The Learning Curve For New Technology Can Take Decades, But Human Will Is The Ultimate Determinate Of Change.
By Thomas J. Roach
The 20th century ended with vast expansion of the global communication network. Now, as we near the quarter century mark of the 21st century, it seems that network is closing.
Most notably, China is imposing restrictions on what its citizens can access on the World Wide Web, and U.S. companies are exploring the potential to police what is posted on social media. How governments and companies react to these trends could be crucial to their survival.
History Seems to Repeat Itself
The 20th century also began with world-changing new communication technology, then transitioned into a phase of restricted and manipulated public discourse. President Woodrow Wilson appointed a committee of fledgling PR professionals headed by George Creel to use newspapers and radio broadcasts to manufacture support for U.S. entry into World War I.
A member of Creel’s committee, Edward Bernays, published a book titled The Engineering of Consent. A few years later, Joseph Goebbels would cite the Creel committee as his inspiration for the mass media driven Nazi propaganda campaign that helped elect Adolph Hitler and later spread disinformation ahead of the German army as it decimated Europe. In Russia, following the 1917 Bolshevik Revolution, the Communist Party banned criticism of government policies and shut down all sources of news not under its control.
In both centuries the corporate world reflected the authoritarian political trends. In the early 1900s, a scientific management theory authored by Frederick Taylor used time-and-motion studies to script manual labor jobs, eliminating opportunities for workers to think and make suggestions.
The Great Depression and World War II added to the negative influence of Taylorism. In the 1930s, laborers with jobs feared losing them if they spoke up, and in the 1940s, everyone was constrained by military discipline. The U.S. emerged in the 1950s with a rigid, top-down, follow-orders-and-don’t-ask-questions management structure.
In the 21st century the potential for control and manipulation is also great. Large corporations own most newspapers and broadcast news channels. The workplace is still an open environment, but much of our communication has shifted online where company and government officials have access to every email and text we send. In politics, campaign strategists conduct focus groups and surveys to determine voter preferences and design messages to attract votes for ambitious candidates who may have no concern for the issues they are voicing.
The point-in-time parallels suggest a dark picture of our future, but perhaps not. In the last century, the mediated iron cage of modernity was overcome by the human desire for open expression and participative decision-making. Allied armies defeated Nazi Germany.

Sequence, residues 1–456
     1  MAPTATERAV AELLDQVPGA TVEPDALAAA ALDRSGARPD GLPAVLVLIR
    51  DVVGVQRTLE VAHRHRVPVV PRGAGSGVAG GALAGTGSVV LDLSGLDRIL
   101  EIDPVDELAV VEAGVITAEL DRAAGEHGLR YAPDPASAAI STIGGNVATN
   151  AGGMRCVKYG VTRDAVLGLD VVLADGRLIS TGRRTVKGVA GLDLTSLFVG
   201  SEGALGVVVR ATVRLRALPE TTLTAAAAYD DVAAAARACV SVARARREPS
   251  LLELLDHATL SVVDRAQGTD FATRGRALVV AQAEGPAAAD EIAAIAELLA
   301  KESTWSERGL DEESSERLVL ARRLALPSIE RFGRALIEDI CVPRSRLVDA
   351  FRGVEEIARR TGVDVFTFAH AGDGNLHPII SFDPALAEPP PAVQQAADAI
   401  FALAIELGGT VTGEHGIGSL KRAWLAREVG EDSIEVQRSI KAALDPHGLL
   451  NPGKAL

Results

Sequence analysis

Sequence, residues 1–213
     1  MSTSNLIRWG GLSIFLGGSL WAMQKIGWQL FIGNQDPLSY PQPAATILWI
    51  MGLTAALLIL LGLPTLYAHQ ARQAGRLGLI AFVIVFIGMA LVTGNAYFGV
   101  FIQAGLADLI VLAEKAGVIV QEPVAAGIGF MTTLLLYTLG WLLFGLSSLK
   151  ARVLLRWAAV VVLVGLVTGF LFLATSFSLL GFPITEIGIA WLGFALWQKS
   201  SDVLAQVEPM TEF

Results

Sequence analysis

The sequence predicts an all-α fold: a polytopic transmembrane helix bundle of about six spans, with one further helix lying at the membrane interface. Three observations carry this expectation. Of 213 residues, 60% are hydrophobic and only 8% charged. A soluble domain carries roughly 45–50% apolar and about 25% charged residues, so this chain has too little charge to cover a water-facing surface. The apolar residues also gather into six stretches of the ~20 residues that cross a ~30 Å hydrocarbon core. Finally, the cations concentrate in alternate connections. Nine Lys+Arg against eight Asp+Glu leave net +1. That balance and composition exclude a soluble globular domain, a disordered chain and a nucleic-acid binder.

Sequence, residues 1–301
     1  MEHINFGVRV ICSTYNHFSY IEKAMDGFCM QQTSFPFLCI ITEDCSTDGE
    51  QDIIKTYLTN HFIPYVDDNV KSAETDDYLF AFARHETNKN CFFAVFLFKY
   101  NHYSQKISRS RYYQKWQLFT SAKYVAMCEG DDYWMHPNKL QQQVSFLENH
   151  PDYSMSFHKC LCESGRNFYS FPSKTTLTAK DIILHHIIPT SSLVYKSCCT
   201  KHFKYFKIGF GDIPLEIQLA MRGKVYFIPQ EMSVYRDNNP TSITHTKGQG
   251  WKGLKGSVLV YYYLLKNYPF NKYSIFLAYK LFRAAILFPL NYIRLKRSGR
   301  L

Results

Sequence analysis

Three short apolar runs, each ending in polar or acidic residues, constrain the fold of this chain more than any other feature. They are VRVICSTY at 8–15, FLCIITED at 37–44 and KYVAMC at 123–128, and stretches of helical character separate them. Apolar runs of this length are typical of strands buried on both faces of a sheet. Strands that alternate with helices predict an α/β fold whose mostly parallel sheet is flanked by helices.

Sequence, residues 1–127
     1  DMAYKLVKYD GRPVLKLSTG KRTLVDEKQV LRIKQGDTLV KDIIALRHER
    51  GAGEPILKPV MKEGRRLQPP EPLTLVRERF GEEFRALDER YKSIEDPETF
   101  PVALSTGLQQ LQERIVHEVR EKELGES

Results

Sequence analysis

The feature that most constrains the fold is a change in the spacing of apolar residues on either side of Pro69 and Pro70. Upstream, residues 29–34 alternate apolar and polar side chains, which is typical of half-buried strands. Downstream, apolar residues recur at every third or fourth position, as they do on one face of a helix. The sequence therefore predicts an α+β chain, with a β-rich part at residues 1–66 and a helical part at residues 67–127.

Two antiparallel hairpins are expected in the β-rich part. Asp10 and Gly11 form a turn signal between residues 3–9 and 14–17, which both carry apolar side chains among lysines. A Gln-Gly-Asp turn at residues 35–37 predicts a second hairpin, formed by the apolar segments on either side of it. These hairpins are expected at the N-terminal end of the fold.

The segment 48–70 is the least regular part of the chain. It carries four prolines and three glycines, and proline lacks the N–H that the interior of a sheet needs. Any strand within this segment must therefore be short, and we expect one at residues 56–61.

The Soviet Union went bankrupt and yielded to glasnost. And the George Deming-led post-war quality movement transformed authoritarian Japan and put U.S. workers back in control of their environment with employee surveys and quality circles.
The learning curve for new technology can take decades, but human will is the ultimate determinate of change. Just as chisels and swords are extensions of our hands, smart phones are an extension of our eyes and ears, and computers are an extension of our minds. In the end, human social needs, not technology, drive human communication.
China and Russia may seem threatening, but their media tactics are self-destructive. Like generals preparing for the last war, they are disrupting and clogging the flow of communication inside and outside their borders in the tradition of Creel and Barneys and Goebbels.
But the path to world influence and prosperity in the 21st century is an information highway where innovators and leaders have unlimited access to ideas, and where communication is spontaneous and ongoing. Most egregiously, their efforts to stifle feedback are inhibiting their own ability to adapt at a time when history is measured in nanoseconds.
The missile gap of the 20th century will be echoed in the communication gap in the 21st. Nations and corporations that use new media to build walls ultimately will be eclipsed by those that use the new technology to tear them down.
Thomas J. Roach Ph.D., has 30 years experience in communication as a journalist, media coordinator, communication director and consultant. He has taught at Purdue University Northwest since 1987, and is the author of “An Interviewing Rhetoric.” He can be reached at [email protected]